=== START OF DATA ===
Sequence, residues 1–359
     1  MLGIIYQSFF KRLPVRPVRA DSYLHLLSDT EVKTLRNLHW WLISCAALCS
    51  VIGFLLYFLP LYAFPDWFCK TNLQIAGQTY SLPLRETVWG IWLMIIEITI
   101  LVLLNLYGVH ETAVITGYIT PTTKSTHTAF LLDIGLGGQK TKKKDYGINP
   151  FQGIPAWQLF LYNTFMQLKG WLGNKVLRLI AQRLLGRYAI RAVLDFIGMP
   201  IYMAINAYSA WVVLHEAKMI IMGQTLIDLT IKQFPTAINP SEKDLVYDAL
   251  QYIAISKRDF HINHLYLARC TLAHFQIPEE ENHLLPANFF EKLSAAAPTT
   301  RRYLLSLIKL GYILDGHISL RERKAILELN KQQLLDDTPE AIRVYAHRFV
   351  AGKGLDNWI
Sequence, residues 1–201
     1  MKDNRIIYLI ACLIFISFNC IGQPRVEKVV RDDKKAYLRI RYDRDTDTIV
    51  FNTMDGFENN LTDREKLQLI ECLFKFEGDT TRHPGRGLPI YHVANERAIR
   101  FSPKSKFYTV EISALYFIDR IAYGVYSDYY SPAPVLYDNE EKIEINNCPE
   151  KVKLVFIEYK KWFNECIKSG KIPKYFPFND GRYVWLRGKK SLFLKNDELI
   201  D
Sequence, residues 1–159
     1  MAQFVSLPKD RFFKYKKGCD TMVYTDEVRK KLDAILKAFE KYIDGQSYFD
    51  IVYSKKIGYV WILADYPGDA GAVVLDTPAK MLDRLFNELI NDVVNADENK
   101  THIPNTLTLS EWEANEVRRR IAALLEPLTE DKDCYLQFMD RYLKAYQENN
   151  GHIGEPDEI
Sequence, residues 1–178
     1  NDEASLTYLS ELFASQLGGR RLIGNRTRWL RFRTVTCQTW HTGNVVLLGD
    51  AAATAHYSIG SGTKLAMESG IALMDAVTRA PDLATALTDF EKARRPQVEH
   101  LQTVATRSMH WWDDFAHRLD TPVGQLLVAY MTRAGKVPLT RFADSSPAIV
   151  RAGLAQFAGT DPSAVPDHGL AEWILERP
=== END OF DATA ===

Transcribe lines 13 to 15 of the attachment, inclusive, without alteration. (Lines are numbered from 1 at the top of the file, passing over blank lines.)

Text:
   101  FSPKSKFYTV EISALYFIDR IAYGVYSDYY SPAPVLYDNE EKIEINNCPE
   151  KVKLVFIEYK KWFNECIKSG KIPKYFPFND GRYVWLRGKK SLFLKNDELI
   201  D